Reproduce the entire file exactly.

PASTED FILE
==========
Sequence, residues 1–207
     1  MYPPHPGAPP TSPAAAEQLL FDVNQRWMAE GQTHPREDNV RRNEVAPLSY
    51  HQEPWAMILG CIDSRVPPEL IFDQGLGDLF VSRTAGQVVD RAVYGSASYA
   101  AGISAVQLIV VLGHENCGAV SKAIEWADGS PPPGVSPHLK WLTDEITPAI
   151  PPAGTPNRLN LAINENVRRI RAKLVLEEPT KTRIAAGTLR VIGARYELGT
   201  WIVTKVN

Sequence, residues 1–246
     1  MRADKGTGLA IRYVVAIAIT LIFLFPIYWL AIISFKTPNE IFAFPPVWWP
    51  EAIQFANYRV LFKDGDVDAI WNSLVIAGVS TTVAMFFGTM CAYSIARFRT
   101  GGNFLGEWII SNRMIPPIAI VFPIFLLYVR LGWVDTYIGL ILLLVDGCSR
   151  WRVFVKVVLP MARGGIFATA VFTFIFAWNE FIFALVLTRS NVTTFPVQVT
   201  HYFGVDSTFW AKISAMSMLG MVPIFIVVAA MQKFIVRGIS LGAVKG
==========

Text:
Sequence, residues 1–207
     1  MYPPHPGAPP TSPAAAEQLL FDVNQRWMAE GQTHPREDNV RRNEVAPLSY
    51  HQEPWAMILG CIDSRVPPEL IFDQGLGDLF VSRTAGQVVD RAVYGSASYA
   101  AGISAVQLIV VLGHENCGAV SKAIEWADGS PPPGVSPHLK WLTDEITPAI
   151  PPAGTPNRLN LAINENVRRI RAKLVLEEPT KTRIAAGTLR VIGARYELGT
   201  WIVTKVN

Sequence, residues 1–246
     1  MRADKGTGLA IRYVVAIAIT LIFLFPIYWL AIISFKTPNE IFAFPPVWWP
    51  EAIQFANYRV LFKDGDVDAI WNSLVIAGVS TTVAMFFGTM CAYSIARFRT
   101  GGNFLGEWII SNRMIPPIAI VFPIFLLYVR LGWVDTYIGL ILLLVDGCSR
   151  WRVFVKVVLP MARGGIFATA VFTFIFAWNE FIFALVLTRS NVTTFPVQVT
   201  HYFGVDSTFW AKISAMSMLG MVPIFIVVAA MQKFIVRGIS LGAVKG